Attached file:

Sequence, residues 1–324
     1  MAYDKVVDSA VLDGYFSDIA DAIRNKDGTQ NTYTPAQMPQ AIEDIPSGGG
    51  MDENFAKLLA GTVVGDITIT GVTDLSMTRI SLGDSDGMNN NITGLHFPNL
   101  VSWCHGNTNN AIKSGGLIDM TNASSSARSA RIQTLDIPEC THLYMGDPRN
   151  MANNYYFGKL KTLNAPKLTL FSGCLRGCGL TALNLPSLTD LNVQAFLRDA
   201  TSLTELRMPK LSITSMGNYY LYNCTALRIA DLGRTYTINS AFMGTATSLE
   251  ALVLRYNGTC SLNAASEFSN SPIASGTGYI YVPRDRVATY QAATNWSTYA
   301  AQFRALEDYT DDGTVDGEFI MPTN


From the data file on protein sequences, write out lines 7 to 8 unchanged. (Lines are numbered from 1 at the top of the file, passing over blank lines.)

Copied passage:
   251  ALVLRYNGTC SLNAASEFSN SPIASGTGYI YVPRDRVATY QAATNWSTYA
   301  AQFRALEDYT DDGTVDGEFI MPTN